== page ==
The Boii were a Gallic tribe of the Iron Age, attested at various times in Cisalpine Gaul, parts of Bavaria, in and around Bohemia, parts of Poland, Gallia Narbonensis. In addition the archaeological evidence indicates that in the 2nd century BC Celts expanded from Bohemia through the Kłodzko Valley into Silesia, now part of Poland and the Czech Republic, they first appear in history in connection with the Gallic invasion of north Italy, 390 BC, when they made the Etruscan city of Felsina their new capital, Bononia. After a series of wars they were decisively beaten by the Romans in a Battle of Mutina and their territory became part of the Roman province of Cisalpine Gaul. According to Strabo, writing two centuries after the events, rather than being destroyed by the Romans like their Celtic neighbours,he Boii were driven out of the regions they occupied. Around 60 BC, a group of Boii joined the Helvetii's ill-fated attempt to conquer land in western Gaul and were defeated by Julius Caesar, along with their allies, in the Battle of Bibracte.
Caesar settled the remnants of that group in Gorgobina, from where they sent two thousand to Vercingetorix's aid at the Battle of Alesia six years later. The eastern Boii on the Danube were incorporated into the Roman Empire in 8 AD. From all the different names of the same Celtic people in literature and inscriptions it is possible to abstract a Continental Celtic segment, boio-. There are two major derivations of this segment, both presupposing that it belongs to the family of Indo-European languages: from'cow' and from'warrior.' The Boii would thus be either "the herding people" or "the warrior people." The "cow" derivation depends most on the Old Irish legal term for "outsider:" ambue, from Proto-Celtic *ambouios, "not a cattle owner." In a reference to the first known historical Boii, Polybius relates that their wealth consisted of cattle and gold, that they depended on agriculture and war, that a man's status depended on the number of associates and assistants he had. The latter were the *ambouii, as opposed to the man of status, *bouios, a cattle owner, the *bouii were a class, "the cattle owners."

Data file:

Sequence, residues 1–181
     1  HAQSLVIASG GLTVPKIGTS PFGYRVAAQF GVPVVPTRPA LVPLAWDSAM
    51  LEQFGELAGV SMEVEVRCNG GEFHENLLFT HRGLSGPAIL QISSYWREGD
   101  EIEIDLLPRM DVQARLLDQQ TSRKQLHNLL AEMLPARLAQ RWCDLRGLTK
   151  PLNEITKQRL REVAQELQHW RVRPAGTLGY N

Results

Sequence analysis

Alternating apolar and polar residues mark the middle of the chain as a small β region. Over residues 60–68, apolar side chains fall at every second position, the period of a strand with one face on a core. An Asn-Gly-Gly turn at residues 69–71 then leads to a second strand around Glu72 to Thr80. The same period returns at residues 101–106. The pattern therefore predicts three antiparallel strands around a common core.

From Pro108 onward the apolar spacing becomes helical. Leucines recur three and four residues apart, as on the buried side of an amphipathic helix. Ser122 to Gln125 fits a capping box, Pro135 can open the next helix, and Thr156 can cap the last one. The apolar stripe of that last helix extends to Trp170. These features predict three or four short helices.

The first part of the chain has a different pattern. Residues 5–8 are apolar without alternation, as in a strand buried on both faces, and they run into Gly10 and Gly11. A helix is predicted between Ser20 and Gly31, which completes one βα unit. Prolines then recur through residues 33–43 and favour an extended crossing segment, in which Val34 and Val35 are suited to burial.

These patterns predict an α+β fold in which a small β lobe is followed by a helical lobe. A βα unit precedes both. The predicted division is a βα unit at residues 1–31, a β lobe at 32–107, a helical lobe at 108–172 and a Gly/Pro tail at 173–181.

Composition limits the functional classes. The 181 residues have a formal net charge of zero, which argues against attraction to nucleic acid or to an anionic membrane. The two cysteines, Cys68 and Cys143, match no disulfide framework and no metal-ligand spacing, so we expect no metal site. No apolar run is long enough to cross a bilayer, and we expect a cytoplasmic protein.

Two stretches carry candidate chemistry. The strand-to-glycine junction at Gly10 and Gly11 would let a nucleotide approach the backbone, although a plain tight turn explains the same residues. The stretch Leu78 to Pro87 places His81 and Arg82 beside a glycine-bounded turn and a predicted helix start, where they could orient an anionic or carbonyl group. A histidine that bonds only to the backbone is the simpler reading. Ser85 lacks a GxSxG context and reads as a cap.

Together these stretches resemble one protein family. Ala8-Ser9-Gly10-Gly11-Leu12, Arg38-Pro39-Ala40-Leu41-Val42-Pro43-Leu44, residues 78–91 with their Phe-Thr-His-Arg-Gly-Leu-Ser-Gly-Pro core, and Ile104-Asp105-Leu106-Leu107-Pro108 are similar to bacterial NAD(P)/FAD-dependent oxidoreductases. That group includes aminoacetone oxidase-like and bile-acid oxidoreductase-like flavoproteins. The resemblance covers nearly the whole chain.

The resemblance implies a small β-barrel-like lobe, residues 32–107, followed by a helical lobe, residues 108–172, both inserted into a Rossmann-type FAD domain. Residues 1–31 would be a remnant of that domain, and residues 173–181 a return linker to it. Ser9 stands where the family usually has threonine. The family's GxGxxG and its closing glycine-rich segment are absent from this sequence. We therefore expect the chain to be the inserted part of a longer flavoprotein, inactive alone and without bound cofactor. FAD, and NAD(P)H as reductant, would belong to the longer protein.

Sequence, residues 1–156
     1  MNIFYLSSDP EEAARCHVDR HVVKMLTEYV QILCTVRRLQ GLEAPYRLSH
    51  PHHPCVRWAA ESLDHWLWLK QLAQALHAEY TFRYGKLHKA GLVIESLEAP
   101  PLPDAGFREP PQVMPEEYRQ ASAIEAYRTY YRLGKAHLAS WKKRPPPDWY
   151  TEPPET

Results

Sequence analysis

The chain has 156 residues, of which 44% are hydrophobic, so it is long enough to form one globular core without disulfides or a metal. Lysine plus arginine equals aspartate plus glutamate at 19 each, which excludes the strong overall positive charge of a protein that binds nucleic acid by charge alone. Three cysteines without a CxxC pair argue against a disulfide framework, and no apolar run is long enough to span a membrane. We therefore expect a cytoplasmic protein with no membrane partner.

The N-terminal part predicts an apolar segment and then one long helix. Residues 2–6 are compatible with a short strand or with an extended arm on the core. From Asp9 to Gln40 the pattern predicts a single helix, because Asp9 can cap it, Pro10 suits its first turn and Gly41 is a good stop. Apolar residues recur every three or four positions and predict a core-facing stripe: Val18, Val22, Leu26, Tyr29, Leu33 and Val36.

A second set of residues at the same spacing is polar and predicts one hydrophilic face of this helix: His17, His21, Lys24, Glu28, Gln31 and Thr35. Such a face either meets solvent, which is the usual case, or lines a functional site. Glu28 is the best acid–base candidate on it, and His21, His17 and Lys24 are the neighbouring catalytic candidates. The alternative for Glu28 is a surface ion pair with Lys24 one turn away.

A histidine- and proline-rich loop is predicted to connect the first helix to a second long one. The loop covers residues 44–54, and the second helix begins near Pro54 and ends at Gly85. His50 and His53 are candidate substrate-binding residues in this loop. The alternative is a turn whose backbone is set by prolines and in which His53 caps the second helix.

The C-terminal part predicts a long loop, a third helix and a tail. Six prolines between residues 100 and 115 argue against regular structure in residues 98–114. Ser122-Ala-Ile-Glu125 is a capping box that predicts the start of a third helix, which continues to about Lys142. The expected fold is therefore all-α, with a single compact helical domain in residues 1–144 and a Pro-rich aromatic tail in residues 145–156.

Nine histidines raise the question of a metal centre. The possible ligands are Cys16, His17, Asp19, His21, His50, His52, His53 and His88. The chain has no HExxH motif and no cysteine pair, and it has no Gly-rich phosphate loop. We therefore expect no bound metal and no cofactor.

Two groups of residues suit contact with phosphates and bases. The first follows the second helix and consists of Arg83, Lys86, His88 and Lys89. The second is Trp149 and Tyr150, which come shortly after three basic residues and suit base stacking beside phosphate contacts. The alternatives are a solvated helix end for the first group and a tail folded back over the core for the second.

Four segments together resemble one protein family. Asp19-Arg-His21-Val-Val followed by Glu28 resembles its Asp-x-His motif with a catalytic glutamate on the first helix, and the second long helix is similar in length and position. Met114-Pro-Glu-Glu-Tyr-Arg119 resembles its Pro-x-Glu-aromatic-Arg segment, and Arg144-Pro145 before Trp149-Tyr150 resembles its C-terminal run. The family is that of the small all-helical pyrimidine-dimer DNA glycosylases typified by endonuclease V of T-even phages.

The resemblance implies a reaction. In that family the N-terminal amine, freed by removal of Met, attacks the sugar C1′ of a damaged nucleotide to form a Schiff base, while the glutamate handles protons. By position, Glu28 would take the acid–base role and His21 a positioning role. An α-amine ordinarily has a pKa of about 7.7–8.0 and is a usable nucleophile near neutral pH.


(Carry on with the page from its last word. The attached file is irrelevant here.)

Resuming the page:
The "warrior" derivation was adopted by the linguist Julius Pokorny, who presented it as being from Indo-European *bhei-, *bhī-, "hit. Boii would be from the o-grade of *bhei-, *bhoi-; such a connection is possible if the original form of Boii belonged to a tribe of Proto-Indo-European speakers long before the time of the historic Boii. If, the case the Celtic tribe of central Europe must have been a final daughter population of a linguistically diversifying ancestor tribe; the same wider connections can be hypothesized for the "cow" derivation: the Boeotians have been known for well over a century as a people of kine, which might have been parallel to the meaning of Italy as a "land of calves." Indo-European reconstructions can be made using *gʷou- "cow" as a basis, such as *gʷowjeh³s. Contemporary derived words include Boiorix and Boiodurum in Germany, their memory survives in the modern regional names of Bohemia, a mixed-language form from boio- and Proto-Germanic *haimaz, "home": "home of the Boii," and'Bayern', derived from the Germanic Baiovarii tribe.
According to the ancient authors, the Boii arrived in northern Italy by crossing the Alps. While of the other tribes who had come to Italy along with the Boii, the Senones and Cenomani are attested in Gaul at the time of the Roman conquest, it remains therefore unclear where the Central European origins of the Boii lay, if somewhere in Gaul, Southern Germany or in Bohemia. Polybius relates that the Celts were close neighbors of the Etruscan civilization and "cast covetous eyes on their beautiful country." Invading the Po Valley with a large army, they drove out the Etruscans and resettled it, the Boii taking the right bank in the center of the valley. Strabo confirms that the Boii emigrated from their lands across the Alps and were one of the largest tribes of the Celts; the Boii occupied the old Etruscan settlement of Felsina. Polybius describes the Celtic way of life in Cisalpine Gaul as follows: They lived in unwalled villages, without any superfluous furniture, their possessions consisted of cattle and gold, because these were the only things they could carry about with them everywhe